The Crown Point hospital also will have a main entrance pick-up and drop-off, ambulance entrance and a helicopter pad, along with 983 parking spaces, said Anthony Schlueter, Crown Point planning administrator.

"What makes this the hospital of the future from a construction standpoint is flexibility," said Jon Gilmore, president and CEO of Franciscan-owned contractor Tonn and Blank Construction.

"Also we design it all in a virtual world so that we can make everything fit before we ever start building it.”

Another futuristic aspect of the new hospital is its place at the center of a $400 million to $500 million, 540 acre mixed-used campus that will include an expanded University of St. Francis and Franciscan Point, 250 acres of residential development, 80 acres of commercial development, and potentially the new home of Andrean High School.

Cal Bellamy, chairman of the Franciscan Alliance Northern Indiana board of directors, said the Sisters of Franciscan Alliance are undertaking such a huge project in a time of economic uncertainty because they have great confidence in Crown Point's future.

The current Franciscan Health hospital in Crown Point, formerly known as St. Anthony, is continuing to operate at 1201 S. Main St. while the new hospital is being built. Franciscan Alliance still is exploring future uses for the building, constructed in 1974, once the new hospital opens, said Robert Blaszkiewicz, Franciscan Health spokesman.

McCormick, CEO of the Crown Point hospital, said older hospital infrastructure simply can’t keep up with the health care technology currently in use, or the expectations patients have for their hospital stays.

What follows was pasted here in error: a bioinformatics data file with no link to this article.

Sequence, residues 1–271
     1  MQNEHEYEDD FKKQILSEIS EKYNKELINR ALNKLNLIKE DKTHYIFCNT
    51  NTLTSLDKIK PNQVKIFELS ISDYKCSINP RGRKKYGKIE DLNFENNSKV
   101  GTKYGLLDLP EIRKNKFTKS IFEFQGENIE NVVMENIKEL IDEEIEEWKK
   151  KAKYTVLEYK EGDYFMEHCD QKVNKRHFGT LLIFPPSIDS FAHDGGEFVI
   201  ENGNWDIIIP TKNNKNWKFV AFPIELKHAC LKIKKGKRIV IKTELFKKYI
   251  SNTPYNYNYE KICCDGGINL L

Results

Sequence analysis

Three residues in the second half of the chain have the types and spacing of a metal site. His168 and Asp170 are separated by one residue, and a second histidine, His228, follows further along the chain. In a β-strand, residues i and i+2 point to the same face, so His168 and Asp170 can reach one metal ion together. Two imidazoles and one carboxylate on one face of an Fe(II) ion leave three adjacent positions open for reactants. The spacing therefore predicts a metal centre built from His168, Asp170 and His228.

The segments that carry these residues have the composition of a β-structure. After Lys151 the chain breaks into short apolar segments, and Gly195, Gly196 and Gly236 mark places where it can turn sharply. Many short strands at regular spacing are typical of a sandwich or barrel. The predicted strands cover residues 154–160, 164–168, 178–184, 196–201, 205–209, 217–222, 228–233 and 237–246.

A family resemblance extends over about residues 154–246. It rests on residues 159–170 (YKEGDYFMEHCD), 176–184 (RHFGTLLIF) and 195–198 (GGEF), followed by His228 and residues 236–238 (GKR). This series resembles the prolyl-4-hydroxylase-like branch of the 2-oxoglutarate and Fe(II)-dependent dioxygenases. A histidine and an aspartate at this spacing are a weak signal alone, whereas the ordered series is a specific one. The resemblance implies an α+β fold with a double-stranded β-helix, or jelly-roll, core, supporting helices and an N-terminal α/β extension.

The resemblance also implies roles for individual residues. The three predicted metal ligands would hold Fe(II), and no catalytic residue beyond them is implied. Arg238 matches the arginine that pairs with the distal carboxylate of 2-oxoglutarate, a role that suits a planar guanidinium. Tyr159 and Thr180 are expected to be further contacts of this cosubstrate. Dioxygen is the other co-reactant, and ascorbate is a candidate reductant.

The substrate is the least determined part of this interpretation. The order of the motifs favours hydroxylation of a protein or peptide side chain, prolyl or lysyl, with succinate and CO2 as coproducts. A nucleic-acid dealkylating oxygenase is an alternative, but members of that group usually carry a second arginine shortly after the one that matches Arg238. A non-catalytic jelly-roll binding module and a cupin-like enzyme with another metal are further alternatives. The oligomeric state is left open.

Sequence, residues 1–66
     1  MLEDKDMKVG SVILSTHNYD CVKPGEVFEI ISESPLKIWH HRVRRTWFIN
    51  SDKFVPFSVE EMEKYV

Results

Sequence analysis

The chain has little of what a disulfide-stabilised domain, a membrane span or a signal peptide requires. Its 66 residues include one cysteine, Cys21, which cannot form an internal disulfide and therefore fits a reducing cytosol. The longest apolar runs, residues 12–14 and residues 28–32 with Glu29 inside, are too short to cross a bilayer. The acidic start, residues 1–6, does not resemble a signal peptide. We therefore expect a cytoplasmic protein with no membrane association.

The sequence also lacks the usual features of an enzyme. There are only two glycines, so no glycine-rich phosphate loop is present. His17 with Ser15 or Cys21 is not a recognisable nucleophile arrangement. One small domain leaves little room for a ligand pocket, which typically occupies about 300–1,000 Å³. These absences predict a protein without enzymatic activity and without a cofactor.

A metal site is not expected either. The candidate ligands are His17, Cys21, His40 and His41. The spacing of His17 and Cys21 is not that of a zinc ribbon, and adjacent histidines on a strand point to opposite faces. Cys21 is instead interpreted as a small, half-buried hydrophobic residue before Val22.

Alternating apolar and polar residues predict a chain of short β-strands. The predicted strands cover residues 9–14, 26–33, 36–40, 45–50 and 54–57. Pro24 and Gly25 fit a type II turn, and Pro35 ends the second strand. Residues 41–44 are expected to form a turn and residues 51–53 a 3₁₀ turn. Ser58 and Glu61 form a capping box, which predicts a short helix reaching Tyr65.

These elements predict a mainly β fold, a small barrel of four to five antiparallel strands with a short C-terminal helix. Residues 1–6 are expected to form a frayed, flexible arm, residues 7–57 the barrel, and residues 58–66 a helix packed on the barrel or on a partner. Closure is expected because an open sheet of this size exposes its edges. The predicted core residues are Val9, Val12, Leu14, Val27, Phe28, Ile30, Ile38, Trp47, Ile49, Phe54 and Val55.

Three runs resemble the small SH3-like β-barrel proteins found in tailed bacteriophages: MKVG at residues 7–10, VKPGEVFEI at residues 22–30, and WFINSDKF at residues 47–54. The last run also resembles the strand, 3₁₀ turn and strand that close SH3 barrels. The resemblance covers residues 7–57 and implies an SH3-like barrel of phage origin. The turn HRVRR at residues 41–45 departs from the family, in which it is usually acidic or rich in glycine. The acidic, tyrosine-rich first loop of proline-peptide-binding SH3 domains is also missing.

He said private rooms and private showers are preferred now, things that weren’t considered when older hospitals were built. Newer hospitals also can incorporate wireless internet throughout the building, a technology unheard of when Franciscan Health Hammond, for example, was built a century ago.

Those needs, among others, also spurred the development of the $125 million Northwest Health LaPorte hospital that opened in October, and the $18 million NorthShore Health Centers of Indiana facility that opened in Portage in February 2020.

Franciscan Health even added a new cardiac catheterization lab in Hammond last year to provide state-of-the-art treatment for heart and vascular patients.

More health-centered developments

In addition to new hospitals, Northwest Indiana also recently has seen construction begin on a spate of specialized medical treatment centers that are due to come online in 2021 and beyond.

They include the $18 million, 40,000-square foot Lakeshore Bone & Joint Institute facility at the northeast corner of 109th Avenue and Delaware Parkway in Crown Point.

Dr. Thomas Kay, president of Lakeshore Bone & Joint Institute, said for years the institute was largely based in Porter County, but recent demand prompted expansion into neighboring counties. Ten years ago, Kay recalled being asked to help expand the orthopedic services in Crown Point.

"Currently, we have been renting the space from the Franciscan Point facility, and although they have been a great landlord and great partners with us, we have simply outgrown that space, which is why we're here today," Kay said at the 2019 groundbreaking of the new, two-story facility that he promised will have a "modern-high tech architectural design both inside and out.”